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When J. Dominic Mancini, a research assistant in the Channing Lab, started working in the Thorn Building in 2010, he noticed an opportunity for the hospital to save thousands of dollars. Instead of throwing away lab plastics, he thought, why not recycle them?
"It costs 40 cents per pound to throw out lab plastics as opposed to one or two cents per pound to recycle them," said Mancini. "I realized we had an opportunity to significantly lower our operating costs; it would just take time and training."
To put the project in motion, Mancini worked with the Office of Research Compliance, Lab Safety and Environmental Services to start a pilot program in January 2010. A bin designated for lab plastics recycling was placed on one floor of the Thorn Building. Once a week for six months, the bin overflowed with recyclable materials, and Mancini's project was on its way to expansion.
In June 2012, Mancini introduced the program to the research community at LabSCENE Live, a meeting where researchers discuss lab safety, compliance and environmental health news. Enthusiasm from lab managers, some of whom were taking plastics home to recycle, was palpable. Since the meeting, dozens of lab managers have requested bins for their floors.
Mancini's goal is to see the initiative expand to more labs throughout the hospital and offer training for lab managers who wish to participate. To request a bin, call Environmental Services at 617-732-7114. To request a laminated recycling instruction sheet to post above your bin, contact Patrick MacDonald at firstname.lastname@example.org.
Mancini's story highlights one of many recycling initiatives taking place throughout BWH. Here are a few other ways the hospital is going green, while saving some green.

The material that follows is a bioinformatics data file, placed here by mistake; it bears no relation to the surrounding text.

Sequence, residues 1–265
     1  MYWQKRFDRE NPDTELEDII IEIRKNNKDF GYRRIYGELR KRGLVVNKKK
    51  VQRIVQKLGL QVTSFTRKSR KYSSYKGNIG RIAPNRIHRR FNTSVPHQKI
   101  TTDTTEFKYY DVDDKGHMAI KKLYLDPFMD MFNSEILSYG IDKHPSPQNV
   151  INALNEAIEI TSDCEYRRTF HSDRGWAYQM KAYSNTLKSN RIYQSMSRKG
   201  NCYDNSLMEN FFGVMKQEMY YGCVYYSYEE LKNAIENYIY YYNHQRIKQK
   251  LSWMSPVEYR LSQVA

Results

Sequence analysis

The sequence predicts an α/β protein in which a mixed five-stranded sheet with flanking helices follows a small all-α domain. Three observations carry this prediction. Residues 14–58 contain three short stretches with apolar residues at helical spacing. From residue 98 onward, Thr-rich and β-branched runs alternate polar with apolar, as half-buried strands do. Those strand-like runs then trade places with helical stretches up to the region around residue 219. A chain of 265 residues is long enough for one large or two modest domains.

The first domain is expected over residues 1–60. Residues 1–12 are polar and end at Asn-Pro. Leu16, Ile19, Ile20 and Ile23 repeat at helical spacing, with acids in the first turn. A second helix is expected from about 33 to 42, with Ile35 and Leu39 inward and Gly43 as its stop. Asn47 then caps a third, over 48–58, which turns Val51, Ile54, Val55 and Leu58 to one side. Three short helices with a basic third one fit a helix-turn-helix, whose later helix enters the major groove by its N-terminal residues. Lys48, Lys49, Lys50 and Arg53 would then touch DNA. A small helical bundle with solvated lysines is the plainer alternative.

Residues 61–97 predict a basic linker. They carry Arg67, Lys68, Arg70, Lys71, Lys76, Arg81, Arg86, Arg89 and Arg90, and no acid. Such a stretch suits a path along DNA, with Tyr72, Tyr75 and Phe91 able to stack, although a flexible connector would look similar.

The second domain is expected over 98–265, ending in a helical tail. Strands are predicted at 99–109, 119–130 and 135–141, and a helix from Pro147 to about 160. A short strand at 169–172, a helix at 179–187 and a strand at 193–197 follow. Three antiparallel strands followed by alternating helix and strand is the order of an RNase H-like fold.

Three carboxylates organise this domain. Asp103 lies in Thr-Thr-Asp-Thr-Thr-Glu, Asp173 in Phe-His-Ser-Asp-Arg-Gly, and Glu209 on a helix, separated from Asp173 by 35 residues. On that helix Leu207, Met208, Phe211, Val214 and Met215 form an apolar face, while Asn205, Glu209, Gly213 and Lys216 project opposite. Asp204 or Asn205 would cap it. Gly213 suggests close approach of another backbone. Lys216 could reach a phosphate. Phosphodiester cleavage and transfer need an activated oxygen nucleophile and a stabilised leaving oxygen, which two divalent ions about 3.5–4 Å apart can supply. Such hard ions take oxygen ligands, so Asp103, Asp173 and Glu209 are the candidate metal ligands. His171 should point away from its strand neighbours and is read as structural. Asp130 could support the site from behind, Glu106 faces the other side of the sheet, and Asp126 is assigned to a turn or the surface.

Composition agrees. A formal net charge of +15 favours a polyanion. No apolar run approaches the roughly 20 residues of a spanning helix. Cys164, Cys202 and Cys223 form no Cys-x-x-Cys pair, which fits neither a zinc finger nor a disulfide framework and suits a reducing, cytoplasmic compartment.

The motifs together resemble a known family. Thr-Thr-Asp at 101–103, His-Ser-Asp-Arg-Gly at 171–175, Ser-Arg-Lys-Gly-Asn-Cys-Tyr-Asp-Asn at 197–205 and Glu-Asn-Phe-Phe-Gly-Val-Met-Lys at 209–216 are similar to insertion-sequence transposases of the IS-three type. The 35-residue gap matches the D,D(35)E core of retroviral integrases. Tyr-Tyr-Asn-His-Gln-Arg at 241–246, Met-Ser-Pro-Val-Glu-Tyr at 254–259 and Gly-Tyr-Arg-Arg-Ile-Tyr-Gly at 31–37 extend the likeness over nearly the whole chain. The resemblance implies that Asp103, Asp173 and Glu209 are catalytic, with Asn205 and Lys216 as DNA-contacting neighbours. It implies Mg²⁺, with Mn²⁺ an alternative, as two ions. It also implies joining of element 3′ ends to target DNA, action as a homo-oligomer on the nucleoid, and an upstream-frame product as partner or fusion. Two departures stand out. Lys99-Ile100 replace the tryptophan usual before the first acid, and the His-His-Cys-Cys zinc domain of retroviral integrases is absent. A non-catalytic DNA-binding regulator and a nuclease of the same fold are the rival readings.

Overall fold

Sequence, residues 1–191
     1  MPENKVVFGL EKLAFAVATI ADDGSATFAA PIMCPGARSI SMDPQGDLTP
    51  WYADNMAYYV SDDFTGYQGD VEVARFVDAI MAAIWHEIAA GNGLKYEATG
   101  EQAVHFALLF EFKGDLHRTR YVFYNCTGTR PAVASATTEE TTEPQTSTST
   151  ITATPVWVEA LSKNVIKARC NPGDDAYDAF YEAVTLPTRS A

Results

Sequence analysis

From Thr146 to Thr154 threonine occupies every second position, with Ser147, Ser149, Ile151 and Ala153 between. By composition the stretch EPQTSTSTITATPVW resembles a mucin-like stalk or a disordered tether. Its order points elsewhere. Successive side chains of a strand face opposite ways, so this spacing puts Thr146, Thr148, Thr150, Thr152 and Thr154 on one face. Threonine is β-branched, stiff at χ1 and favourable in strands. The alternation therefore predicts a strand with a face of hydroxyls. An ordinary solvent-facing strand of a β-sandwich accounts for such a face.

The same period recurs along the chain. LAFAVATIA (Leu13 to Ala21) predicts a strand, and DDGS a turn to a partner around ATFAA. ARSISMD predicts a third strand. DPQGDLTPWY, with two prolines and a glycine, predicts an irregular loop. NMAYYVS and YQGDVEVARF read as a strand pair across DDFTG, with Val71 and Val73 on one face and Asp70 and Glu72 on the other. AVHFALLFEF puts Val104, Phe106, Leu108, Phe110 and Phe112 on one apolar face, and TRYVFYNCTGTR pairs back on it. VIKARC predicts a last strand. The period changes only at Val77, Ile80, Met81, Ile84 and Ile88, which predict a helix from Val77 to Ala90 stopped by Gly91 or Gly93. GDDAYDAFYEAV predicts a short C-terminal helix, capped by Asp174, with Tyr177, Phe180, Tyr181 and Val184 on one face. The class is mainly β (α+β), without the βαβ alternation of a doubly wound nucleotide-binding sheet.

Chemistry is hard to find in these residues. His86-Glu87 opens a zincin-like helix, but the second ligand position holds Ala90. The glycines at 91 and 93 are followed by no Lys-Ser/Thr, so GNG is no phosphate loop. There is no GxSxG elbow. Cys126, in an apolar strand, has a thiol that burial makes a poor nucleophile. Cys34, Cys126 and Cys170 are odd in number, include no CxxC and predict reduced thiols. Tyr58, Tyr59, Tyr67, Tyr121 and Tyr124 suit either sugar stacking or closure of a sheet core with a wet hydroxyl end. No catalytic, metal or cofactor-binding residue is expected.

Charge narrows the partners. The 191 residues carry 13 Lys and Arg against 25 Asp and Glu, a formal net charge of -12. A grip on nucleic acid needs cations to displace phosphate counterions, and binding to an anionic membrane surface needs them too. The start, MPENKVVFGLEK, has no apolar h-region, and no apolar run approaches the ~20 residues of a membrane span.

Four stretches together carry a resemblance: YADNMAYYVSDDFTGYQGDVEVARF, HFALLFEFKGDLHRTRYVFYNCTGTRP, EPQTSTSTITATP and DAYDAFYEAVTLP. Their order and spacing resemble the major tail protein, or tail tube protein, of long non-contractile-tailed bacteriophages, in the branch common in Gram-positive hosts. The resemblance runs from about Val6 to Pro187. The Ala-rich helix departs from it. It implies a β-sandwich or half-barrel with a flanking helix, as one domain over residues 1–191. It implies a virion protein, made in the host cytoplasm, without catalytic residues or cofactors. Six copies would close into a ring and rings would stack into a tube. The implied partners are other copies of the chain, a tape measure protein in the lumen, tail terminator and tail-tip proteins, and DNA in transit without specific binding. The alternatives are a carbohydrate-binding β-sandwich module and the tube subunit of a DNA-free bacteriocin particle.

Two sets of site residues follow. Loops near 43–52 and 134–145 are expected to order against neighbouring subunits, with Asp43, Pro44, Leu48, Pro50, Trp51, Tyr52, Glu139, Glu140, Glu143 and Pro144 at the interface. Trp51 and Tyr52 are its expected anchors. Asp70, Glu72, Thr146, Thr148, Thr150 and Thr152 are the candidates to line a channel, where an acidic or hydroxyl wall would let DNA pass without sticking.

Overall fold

Document Shredding. Each year, BWH recycles thousands of shredded documents. Over the course of 10 months, the savings are equivalent to 13,353 trees, 2,356 cubic yards of landfill, 1,571 barrels of oil, or 5.5 million gallons of water.
Needle liners and sharps containers. In August 2012, BWH began recycling needle liners and sharps containers, products that had previously been incinerated after a single use. Now these materials can be used more than 600 times, generating an estimated cost savings between $100,000 and $150,000 per year.
Reprocessing single use devices. Specialized hospital machinery
often comes with a hefty price tag. To gain the most from the equipment, the Operating Room and the Cath Lab currently reprocess single-use devices. These devices are sent to a third party to sterilize, repackage and resell back to BWH at a discounted price.
Green Team. No, this is not Captain Planet's crew, but a committee of hospital employees who unite to monitor and streamline all 47 waste streams at BWH. Since the launch of the Partners Sustainable Initiatives program in 2008, Green Teams have been set up in every Partner's HealthCare hospital to establish and monitor benchmarks for each institution.
Staring this January, the major goal of the Green Team will be to develop a single stream recycling process, where recycled materials can be deposited in the same bags and bins. The result will reduce the time, labor and space needed to store and process recycled materials.
"The ultimate goal is to recycle 50 percent of what we have," said Andrew Madden, director of Materials Management. "But it will take time. It's a marathon; not a sprint."
Did you know?
The Shapiro Center, a silver certified LEED building, has reduced the Brigham's carbon dioxide emissions by more than one million pounds per year. That's the equivalent of enough gas to drive a Volkswagen Beetle for more than 1.8 million miles!